Skip links

Could my diet be making me tired?


Do you suffer with low energy and struggle to stay awake? Have you wondered if your diet could be making you tired?

Read below and find out if any of the points below relate to you and what changes you can make today!

Carbohydrate-rich foods are metabolised into blood glucose which is the only form of energy the body can use immediately. However, not all carbohydrates are metabolised the same way; refined carbohydrates, such as white bread, pasta, sugary drinks and sweets are high glycemic index, which means they release sugar quickly. That means they cause large spikes in blood glucose followed by sharp drops, which can bring on fatigue. Sugar also blocks the activity of orexin-producing cells, brain cells that stimulate wakefulness.

For a balanced release of energy choose low-glycemic carbohydrates such as soy beverages, apples, bananas, pears, oranges, dried apricots, berries, nuts, seeds and beans and lentils.

Protein-rich meals help you feel more alert by counteracting drowsiness that can be brought on by consuming excessive sugar or carbohydrates. Including protein at meals also helps regulate, or slow, the release of glucose into the bloodstream. Make sure to include a source of protein, such as fish, turkey, lean meat, eggs, yogurt, tofu, legumes or nuts, at all meals and snacks.

Those who skip breakfast have reported lower energy, poorer moods and reduced memory. Start the day with a breakfast that delivers protein and a low-glycemic carbohydrate. Good choices include bran cereal with milk, fruit and nuts,  or steel-cut oatmeal topped with 1/2 cup Greek yogurt, or berries and ground flax, or even whole-grain toast with a choice of nut butter and fruit. Also, it takes between 2-3 hours to break down the carbohydrates in the foods you eat to be converted to energy; to prevent energy levels dipping, consume healthy snacks between meals like fruit and nuts, crackers with hummus or yoghurt and berries.

Eating small meals and snacks throughout the day maintains your energy level better than eating one or two large meals. Avoid overeating as a big meal can flood your blood with sugar, giving you a temporary energy lift followed by a crash and feelings of lethargy.

Milk, poultry, corn, brown rice, chickpeas, pumpkin seeds, peanuts, bananas, dates and chocolate all contain a nutrient (L-tryptophan) that helps you feel relaxed and possibly fatigued, avoid these foods in the middle of the day.

Water is an essential part of the diet, with approximately 60-65% of the body being water. Water plays a significant role in the body; aids in digestion and absorption helps with energy production, lubricates joints, carries substances around the body, clears waste products and delivers oxygen. Dehydration can cause fatigue as water is required in the production of energy molecules.

Drinking too much coffee can overstimulate your central nervous system and cause insomnia; caffeine is known to block the action of adenosine, a brain chemical that causes drowsiness by slowing down nerve-cell activity. It is advised to stop drinking coffee after noon.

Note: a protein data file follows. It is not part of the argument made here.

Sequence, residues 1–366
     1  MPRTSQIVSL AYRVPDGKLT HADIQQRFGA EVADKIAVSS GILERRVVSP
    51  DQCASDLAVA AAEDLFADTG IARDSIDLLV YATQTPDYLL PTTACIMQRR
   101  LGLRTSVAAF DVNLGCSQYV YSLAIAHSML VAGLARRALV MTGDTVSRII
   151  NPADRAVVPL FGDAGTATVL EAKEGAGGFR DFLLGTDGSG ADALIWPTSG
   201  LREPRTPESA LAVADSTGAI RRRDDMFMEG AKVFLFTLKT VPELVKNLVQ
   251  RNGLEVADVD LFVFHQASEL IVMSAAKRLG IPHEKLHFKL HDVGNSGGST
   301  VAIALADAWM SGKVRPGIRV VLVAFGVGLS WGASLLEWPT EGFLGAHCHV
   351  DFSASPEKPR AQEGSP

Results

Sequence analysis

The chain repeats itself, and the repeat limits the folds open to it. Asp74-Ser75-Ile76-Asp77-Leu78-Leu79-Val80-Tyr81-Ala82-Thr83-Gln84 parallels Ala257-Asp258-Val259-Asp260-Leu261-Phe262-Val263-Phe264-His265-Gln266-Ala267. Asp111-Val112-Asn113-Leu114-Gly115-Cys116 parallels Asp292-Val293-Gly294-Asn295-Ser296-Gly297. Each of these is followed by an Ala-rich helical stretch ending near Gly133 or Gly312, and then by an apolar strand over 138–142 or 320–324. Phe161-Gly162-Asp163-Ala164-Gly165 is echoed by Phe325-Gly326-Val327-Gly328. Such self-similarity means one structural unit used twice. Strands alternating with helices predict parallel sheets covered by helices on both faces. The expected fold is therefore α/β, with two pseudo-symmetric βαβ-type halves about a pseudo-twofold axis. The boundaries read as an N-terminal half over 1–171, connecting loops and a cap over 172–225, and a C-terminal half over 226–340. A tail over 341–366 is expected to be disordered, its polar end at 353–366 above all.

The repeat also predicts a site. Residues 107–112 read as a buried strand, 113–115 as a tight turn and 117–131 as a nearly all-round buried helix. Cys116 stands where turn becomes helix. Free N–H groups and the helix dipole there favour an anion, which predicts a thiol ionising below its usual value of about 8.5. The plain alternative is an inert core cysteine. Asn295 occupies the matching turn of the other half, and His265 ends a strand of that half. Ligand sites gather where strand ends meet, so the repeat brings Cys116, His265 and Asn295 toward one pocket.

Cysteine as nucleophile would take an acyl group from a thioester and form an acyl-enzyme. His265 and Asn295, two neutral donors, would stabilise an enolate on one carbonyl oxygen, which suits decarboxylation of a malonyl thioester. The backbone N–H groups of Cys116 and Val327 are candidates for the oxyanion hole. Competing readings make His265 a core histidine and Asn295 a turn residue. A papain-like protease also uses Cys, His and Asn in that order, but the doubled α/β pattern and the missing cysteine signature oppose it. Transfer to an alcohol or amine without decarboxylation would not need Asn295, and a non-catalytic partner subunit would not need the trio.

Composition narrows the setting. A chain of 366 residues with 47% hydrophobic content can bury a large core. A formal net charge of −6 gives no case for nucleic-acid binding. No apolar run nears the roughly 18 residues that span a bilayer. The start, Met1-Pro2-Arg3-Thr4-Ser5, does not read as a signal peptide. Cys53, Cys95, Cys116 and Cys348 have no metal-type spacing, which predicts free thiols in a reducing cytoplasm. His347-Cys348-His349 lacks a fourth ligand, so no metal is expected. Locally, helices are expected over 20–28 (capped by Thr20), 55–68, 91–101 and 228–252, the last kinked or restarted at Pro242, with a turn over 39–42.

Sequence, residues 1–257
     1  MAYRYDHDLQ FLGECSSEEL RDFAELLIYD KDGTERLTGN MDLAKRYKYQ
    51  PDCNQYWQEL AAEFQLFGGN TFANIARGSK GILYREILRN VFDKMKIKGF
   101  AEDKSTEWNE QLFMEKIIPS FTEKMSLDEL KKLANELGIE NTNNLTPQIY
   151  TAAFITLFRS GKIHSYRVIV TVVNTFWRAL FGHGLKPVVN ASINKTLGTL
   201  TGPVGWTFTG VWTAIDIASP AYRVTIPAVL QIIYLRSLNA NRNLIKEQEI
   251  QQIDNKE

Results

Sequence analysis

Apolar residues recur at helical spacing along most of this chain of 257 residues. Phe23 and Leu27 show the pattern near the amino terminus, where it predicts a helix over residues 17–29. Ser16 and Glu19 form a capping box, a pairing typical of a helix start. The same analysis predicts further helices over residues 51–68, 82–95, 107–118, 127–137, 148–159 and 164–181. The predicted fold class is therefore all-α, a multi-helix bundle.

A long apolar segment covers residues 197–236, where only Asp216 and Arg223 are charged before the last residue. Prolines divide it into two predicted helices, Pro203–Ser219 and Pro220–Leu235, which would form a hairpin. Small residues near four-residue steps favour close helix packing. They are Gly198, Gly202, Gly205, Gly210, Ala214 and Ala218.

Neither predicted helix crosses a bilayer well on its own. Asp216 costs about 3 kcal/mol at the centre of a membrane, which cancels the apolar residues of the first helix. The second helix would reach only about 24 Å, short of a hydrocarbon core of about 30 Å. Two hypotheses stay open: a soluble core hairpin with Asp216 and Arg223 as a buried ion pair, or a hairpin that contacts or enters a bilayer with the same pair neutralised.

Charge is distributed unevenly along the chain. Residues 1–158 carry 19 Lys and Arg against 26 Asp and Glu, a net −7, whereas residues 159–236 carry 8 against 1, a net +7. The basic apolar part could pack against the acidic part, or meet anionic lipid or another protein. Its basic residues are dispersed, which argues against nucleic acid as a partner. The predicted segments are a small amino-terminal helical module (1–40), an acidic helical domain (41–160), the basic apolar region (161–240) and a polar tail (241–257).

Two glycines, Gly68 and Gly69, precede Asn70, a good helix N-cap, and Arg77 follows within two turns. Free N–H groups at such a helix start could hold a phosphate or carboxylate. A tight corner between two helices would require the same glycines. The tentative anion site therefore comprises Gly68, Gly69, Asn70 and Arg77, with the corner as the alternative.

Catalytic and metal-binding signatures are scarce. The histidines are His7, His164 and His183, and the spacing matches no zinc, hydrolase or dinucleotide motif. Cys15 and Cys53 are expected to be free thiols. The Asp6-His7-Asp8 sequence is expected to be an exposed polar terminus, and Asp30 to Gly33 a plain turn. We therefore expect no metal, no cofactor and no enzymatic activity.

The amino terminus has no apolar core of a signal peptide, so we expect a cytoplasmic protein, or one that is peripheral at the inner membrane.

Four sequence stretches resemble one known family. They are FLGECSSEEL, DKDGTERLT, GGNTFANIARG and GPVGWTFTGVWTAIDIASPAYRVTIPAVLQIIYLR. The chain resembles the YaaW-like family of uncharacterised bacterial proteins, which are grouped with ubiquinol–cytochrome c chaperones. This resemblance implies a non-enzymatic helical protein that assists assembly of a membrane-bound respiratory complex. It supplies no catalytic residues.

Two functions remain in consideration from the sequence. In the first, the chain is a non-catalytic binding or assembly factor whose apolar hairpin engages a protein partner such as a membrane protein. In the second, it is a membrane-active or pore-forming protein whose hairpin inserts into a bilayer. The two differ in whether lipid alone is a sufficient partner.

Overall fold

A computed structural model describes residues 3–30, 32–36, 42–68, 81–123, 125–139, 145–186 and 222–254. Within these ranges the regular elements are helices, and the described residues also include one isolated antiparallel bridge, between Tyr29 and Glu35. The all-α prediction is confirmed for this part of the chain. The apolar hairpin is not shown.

Alcohol intake during and after dinner can disrupt sleep by reducing REM, which is important for memory and learning. Plus, alcohol dehydrates you, which can worsen fatigue the next day. So, limit your intake to one alcoholic drink per day.
Deficiencies in vitamins and minerals can make you tired; an iron deficiency, even without anemia, can cause fatigue and lethargy. Iron-rich foods include beef, turkey, chicken, pork loin, tuna, halibut, oysters, clams, ready-to-eat breakfast cereal, soybeans, lentils, baked beans, black beans, firm tofu, cooked spinach, raisins and prune juice.

Too little B12 can also cause you to feel tired. The vitamin is used to make red blood cells, which carry oxygen through your body. B12 is found in all animal foods (meat, poultry, fish, eggs, dairy), while many non-dairy beverages and soy products are fortified with the nutrient. You can also get B12 from a multivitamin or B-complex supplement.

To avoid feeling sleepy after a meal, try some of the tips below

  • Control portion sizes and eat smaller meals – especially those that are rich in carbohydrate and protein.
  • Reduce carbohydrate and sugar intake – try switching to whole grain foods as they release energy at a slower rate.
  • Drink water – even mild dehydration can cause feelings of fatigue and reduced motivation.
  • Walk after a meal – brisk walking after a meal can help prevent sugar crash symptoms, reduce the feeling of tiredness and also reduce blood sugar levels.
  • Drink green tea – rich in antioxidants, green tea can help break down carbohydrates and also reduces starch and fat as well as lowering blood sugar levels.

If this resonates with you then…

This article was written by our team of specialist therapists at Perfect Balance Clinic. If you would like more specific advice about how our team can help you with this condition or symptoms you may be having, please complete the contact form below and one of the team will get back to you shortly.

    Return to top of page